CoronaCheck is RMIT ABC Fact Check’s weekly email newsletter dedicated to fighting the misinformation infodemic surrounding the coronavirus outbreak.
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You may have seen online chatter referring to “PCR test cycles”, or “Ct values”, but did you understand what those terms meant? This week, we’ve spoken to an expert to explain — in simple terms — how PCR tests are processed in order to make a positive COVID-19 diagnosis.
Meanwhile, in vaccine news, we’ve fact checked a claim from Labor’s Chris Bowen about the number of Pfizer vaccines snatched up by the rest of the world before Australia managed to secure its deal.
A year into the pandemic, COVID-19 tests remain misunderstood. Here’s how they work.
Billed by Australia’s medicines and therapeutic regulatory agency as the “gold standard for diagnosis of COVID-19”, polymerase chain reaction (PCR) tests are used globally to identify positive COVID-19 cases.
But the way in which the tests work and are analysed is something “most people don’t understand”, according to Julian Druce, who is the head of the virus identification laboratory at the Doherty Institute.
Indeed, claims spread widely on social media posit that governments can change the way they use the tests in order to manipulate COVID-19 case numbers and that the World Health Organisation (WHO) has “admitted” the tests have been responsible for inaccurate case tallies.
At the heart of such claims lies the little-understood concept of PCR test cycles and cycle threshold (Ct) values, which are used to identify the presence of COVID-19.
Fact Check asked Dr Druce to explain the concepts.
According to Dr Druce, PCR tests for COVID-19 are analysed through “about 40 to 45 heat and cooling cycles”, with most tests in Australia capped at 40 cycles.
“At the end of each cycle, the instrument shines a little laser through the reaction well and takes a reading,” Dr Druce said.
“Slowly, over time, when there’s a sufficient signal in that reaction, you get a glow, like a fluorescence, and that’s plotted on a graph.”
The Ct value of a positive test is the number of cycles it took before the signal was able to be identified, Dr Druce explained, with higher values equating to a weaker positive due to less virus being present in the sample.
“A strong positive sample has a lower Ct value — so something that comes up at cycle 15, for instance, is very strong, extraordinarily strong. Something that comes up at Ct 30 is quite low.”
A person returning a positive PCR test with a Ct value above 30 would be “very unlikely to be infectious”, Dr Druce said, before adding that most positive results were detected in the range of 20 to 30 PCR cycles.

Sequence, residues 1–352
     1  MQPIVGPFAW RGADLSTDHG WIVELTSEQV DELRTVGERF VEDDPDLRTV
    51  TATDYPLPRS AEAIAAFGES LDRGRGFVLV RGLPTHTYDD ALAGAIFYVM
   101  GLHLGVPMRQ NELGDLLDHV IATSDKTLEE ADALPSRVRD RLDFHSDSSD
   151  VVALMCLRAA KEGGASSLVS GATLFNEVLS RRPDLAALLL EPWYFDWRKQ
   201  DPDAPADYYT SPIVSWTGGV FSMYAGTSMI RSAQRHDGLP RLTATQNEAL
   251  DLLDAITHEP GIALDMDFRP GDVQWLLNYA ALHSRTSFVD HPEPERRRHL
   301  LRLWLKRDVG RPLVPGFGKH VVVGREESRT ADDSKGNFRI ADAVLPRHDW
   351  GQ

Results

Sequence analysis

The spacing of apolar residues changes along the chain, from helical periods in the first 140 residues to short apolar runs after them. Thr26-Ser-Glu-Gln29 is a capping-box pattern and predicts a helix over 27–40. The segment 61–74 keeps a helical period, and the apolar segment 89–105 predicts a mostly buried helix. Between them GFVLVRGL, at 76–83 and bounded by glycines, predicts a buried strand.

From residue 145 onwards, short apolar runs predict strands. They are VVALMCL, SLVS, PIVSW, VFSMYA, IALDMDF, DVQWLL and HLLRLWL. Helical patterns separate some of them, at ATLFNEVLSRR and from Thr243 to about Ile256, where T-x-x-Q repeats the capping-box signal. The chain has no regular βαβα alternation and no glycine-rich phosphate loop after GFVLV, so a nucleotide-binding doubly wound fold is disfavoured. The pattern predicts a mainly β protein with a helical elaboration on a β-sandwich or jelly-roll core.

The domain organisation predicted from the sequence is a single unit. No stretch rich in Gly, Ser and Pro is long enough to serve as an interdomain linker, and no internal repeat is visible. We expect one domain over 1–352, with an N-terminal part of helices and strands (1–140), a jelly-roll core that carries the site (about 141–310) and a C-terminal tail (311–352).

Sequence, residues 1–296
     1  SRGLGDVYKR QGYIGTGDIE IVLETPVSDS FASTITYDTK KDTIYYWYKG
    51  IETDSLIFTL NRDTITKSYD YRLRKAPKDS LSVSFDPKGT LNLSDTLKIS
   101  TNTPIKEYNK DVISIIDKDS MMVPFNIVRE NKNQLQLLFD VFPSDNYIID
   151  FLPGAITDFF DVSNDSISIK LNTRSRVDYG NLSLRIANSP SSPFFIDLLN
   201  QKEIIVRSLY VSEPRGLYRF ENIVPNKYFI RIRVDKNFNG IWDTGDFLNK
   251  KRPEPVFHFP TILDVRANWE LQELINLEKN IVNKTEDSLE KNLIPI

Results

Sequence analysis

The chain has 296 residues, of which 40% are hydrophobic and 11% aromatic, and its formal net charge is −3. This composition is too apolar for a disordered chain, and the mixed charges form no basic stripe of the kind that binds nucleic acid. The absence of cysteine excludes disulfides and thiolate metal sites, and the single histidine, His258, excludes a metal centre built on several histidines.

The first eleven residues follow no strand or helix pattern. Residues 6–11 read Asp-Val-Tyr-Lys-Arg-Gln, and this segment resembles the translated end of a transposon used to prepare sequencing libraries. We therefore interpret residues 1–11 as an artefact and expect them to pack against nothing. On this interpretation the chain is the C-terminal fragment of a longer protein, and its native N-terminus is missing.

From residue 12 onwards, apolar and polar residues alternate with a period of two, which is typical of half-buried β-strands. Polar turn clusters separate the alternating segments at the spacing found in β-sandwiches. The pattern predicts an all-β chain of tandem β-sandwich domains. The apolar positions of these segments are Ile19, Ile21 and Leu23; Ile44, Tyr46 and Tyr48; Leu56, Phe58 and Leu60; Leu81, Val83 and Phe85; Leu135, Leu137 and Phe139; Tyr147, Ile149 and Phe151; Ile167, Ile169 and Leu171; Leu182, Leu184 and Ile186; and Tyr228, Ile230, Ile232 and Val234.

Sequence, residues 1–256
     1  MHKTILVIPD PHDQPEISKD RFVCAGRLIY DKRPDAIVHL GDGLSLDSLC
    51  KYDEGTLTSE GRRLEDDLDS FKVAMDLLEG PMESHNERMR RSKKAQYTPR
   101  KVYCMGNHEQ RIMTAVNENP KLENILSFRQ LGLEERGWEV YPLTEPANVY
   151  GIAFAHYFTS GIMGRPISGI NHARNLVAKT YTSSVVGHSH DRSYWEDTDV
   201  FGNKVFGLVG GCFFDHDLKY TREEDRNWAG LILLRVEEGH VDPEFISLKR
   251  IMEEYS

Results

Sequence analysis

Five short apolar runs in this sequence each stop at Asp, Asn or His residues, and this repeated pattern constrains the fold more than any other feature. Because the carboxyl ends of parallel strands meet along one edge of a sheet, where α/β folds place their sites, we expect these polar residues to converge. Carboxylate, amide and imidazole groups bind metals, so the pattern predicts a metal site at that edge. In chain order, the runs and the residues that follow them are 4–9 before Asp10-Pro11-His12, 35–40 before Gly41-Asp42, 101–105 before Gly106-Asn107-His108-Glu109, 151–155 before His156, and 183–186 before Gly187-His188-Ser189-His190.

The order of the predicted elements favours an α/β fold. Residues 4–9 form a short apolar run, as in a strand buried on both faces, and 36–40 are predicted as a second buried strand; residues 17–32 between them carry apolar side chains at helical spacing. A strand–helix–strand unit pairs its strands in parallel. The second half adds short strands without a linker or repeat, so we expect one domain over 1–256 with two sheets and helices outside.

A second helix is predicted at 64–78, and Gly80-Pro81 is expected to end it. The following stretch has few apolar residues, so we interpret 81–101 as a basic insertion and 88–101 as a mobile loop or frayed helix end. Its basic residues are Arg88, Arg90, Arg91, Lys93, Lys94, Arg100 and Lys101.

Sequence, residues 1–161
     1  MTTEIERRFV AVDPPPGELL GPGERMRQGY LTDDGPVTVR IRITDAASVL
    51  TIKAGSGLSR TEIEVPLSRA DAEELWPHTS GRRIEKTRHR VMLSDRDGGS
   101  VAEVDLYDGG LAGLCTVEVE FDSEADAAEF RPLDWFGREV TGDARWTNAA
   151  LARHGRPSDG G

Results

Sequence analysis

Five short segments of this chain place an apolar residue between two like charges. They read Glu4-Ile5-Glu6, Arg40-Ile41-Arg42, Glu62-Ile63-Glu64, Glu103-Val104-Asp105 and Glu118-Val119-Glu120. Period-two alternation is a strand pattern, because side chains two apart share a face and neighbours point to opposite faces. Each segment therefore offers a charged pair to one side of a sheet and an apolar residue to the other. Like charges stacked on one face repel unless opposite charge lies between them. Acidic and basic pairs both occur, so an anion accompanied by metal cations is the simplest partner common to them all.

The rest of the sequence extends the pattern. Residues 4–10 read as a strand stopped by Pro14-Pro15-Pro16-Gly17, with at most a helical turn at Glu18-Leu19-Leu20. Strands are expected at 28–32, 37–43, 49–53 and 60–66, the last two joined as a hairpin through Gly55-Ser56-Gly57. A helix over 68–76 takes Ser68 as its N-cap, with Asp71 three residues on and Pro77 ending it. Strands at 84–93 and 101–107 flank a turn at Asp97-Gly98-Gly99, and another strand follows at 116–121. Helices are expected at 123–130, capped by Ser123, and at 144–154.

“People being detected in the 30-plus Ct range usually means they’re being detected late, generally because they don’t have symptoms and they’re just being tested arbitrarily,” he explained.
“They don’t know where they are in the disease course because they have no symptoms, which is 40 per cent of COVID-19 patients.”
It was possible, but very rare, that a high Ct value could also mean a person was in the very early stages of their illness and not yet symptomatic.
“[This scenario] is most likely to happen when a ‘household’ has a positive case and the rest of the known household or contacts are being screened.”
What have the fact checkers said?
On social media, claims about PCR tests and Ct values have proliferated throughout the pandemic, and continue to be spread.
In one example, a widely shared (but since deleted) tweet suggested that the WHO had issued advice to countries to reduce the number of PCR cycles undertaken in test analyses as the “current cycle was much too high” and resulted in “any particle being declared a positive case”.
Fact Checkers at AAP found that claim to be false.
“The guidance does not advise laboratories to reduce the ‘cycle count’ to improve the accuracy of [a] PCR test, nor does it identify that current approaches were leading to a high number of false positives,” the fact checkers said.
“Rather, it reminds test users to undertake ‘careful interpretation’ of weak positive results and to adhere to manufacturer’s instructions.”
Other fact checkers, meanwhile, took aim at similar claims about the WHO’s advice being linked to the inauguration of US President Joe Biden.
“Anyone catch the WHO website? Yesterday, on the day of inauguration, the recommendations for PCR testing changed,” one Facebook post, reported by USA Today, read.
According to the poster, the change in advice meant a single positive COVID-19 test would no longer be enough for a case to be classified as positive. Asymptomatic people, the poster claimed, would also not count as positive cases.